BMS FINAL
Sigelman_Chapter13 (1).ppt

Parenting that fosters aggression this evocative gene

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parenting that fosters aggression This evocative gene-environment correlation effect is evident even when aggression-prone children grow up with adoptive parents rather than with their biological parents because these children bring out negativity in their adoptive parents
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The Adolescent – Antisocial Behavior Other risk factors and protective factors can influence the outcome for a child who is genetically predisposed to be aggressive Prenatal environment Complications during delivery Cultural contexts Subcultural and neighborhood factors School environment
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The Adolescent – Antisocial Behavior Dodge and his colleagues (2003) have attempted to integrate the influences on antisocial behavior into a biopsychosocial model of aggression that recognizes the contributions of biological predisposition, individual psychology, and social or contextual factors
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The Adolescent – Antisocial Behavior Dodge and his colleagues (2008) also proposed a “dynamic cascade” model showing how various influences, playing out over childhood and adolescence, can result in chronic and serious violence in adolescence and beyond Biological factors (genes) and sociocultural context factors (a disadvantaged, violence-prone neighborhood) put certain children at risk from birth Then a chain of causal events plays out: experiences with harsh, inconsistent parenting in early childhood, poor readiness for school, early behavior problems, failure in elementary school (both academically and socially), lack of appropriate parental supervision in early adolescence, and affiliation with antisocial peers
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The Adolescent – Antisocial Behavior Efforts to prevent antisocial behavior should include An emphasis on positive parenting, beginning in infancy or toddlerhood Comprehensive, school-based programs aimed at children at risk The Conduct Problems Prevention Research Group intervention project used a multi-pronged approach involving the teaching of social information- processing and social skills, efforts to improve academic skills, and behavior management training for parents Proven effective in reducing antisocial behavior and preventing diagnoses of conduct disorder and related psychiatric disorders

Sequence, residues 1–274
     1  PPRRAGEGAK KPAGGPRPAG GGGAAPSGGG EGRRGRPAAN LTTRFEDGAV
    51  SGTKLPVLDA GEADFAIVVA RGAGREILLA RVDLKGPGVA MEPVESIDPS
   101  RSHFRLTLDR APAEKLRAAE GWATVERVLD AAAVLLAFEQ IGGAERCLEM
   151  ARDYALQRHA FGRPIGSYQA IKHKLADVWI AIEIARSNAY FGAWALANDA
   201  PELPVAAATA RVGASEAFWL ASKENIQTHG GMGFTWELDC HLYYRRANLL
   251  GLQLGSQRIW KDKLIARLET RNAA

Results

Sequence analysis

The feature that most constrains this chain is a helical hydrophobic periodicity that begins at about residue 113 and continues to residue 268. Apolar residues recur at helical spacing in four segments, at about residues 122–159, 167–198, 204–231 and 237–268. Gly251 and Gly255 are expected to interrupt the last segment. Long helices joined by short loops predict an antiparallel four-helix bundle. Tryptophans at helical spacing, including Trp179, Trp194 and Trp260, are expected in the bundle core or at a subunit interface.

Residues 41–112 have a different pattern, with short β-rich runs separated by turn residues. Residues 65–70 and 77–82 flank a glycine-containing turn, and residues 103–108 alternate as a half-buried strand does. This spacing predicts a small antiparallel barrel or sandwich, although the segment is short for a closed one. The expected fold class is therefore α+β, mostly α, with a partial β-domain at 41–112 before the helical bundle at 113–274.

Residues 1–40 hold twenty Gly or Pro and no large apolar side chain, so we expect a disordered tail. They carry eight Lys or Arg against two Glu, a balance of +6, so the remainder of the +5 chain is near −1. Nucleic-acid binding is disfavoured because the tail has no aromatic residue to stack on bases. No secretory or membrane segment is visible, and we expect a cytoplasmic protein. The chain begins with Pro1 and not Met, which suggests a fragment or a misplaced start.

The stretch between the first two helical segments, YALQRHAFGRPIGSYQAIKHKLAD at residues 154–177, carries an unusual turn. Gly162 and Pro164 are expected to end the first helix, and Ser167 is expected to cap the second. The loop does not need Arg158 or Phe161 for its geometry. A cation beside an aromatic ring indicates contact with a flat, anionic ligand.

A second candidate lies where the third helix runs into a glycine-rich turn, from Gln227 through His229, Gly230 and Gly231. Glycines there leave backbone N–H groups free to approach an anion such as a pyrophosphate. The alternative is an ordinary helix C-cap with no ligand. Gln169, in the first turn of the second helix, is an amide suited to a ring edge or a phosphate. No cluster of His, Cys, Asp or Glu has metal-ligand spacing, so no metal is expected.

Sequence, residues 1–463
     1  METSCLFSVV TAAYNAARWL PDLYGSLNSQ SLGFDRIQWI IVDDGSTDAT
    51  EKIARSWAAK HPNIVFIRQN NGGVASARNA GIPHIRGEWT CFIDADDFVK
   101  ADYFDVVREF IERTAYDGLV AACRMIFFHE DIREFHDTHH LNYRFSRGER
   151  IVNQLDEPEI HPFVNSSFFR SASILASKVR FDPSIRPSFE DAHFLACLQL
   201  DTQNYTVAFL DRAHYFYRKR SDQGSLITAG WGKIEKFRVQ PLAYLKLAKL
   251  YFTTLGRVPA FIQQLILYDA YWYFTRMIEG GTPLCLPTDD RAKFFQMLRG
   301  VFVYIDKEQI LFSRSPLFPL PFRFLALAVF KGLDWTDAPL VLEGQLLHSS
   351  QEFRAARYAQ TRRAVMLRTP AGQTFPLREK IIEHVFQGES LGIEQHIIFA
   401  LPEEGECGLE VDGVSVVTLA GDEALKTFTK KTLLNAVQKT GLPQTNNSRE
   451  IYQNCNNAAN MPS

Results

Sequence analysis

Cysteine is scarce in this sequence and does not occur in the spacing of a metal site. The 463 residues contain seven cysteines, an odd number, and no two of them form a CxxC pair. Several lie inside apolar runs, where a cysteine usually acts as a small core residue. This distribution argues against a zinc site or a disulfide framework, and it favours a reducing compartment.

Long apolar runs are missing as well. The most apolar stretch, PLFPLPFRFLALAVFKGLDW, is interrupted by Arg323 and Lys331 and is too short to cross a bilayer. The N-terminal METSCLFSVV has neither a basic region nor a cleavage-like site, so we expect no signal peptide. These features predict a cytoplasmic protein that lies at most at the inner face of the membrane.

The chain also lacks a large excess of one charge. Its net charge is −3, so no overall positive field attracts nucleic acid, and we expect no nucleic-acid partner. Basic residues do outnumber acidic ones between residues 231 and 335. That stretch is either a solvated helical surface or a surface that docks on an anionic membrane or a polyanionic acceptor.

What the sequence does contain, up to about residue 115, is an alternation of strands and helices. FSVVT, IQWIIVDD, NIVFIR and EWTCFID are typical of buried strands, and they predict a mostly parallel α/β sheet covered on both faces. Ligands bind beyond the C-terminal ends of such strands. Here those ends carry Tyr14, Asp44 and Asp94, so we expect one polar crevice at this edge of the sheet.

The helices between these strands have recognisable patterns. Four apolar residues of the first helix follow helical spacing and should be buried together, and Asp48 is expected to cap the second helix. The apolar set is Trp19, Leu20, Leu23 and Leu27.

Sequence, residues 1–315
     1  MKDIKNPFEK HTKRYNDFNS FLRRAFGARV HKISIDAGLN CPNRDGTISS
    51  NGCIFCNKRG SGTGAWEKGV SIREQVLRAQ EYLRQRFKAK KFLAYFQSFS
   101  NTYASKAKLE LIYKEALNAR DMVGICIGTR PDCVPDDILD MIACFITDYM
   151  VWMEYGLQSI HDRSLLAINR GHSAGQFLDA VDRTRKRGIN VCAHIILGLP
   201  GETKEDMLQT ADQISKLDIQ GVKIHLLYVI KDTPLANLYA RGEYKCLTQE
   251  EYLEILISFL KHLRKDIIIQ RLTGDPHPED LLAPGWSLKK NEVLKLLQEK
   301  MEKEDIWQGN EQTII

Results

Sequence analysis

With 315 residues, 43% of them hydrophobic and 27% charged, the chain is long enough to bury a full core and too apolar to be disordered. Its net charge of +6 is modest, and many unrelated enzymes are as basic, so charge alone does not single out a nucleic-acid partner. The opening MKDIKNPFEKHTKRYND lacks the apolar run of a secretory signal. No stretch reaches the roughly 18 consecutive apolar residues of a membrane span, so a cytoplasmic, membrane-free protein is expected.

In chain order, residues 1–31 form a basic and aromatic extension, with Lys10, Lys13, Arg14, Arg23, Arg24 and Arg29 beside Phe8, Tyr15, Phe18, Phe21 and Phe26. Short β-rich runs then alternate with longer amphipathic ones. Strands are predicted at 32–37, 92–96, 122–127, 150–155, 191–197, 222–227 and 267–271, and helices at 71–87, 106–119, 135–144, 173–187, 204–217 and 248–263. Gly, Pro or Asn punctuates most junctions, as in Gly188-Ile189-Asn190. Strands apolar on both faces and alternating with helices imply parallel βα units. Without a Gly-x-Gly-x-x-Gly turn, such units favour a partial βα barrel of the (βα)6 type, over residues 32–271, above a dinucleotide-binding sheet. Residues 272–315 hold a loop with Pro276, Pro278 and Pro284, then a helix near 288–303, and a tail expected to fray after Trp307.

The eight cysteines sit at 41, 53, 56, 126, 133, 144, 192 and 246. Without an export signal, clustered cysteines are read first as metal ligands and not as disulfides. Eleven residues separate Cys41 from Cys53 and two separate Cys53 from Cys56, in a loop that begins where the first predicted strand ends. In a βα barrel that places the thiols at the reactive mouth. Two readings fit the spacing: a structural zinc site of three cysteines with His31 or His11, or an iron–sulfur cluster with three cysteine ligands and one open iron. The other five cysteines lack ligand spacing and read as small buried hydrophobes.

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The Adult – Changes in Moral Reasoning In Kohlberg’s 20-year longitudinal study (Colby et al., 1983), most adults in their 30s still reasoned at the conventional level, although many of them had shifted from stage 3 to stage 4 There is evidence that social-cognitive skills hold up well across the lifespan Most studies find no major age differences in complexity of moral reasoning, at least when relatively educated adults are studied and when the age groups compared have similar levels of education
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The Adult – Kohlberg’s Theory in Perspective Kohlberg’s idea that everyone progresses from preconventional to conventional reasoning is well supported However, the idea that people continue to progress from conventional to postconventional reasoning is not supported It has been charged that Kohlberg’s theory is biased against people who are non-Western, politically conservative, and female and that it slights moral emotion and behavior
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  • Fall '17
  • MarciaGuilliams
  • Lawrence Kohlberg, Kohlberg's stages of moral development

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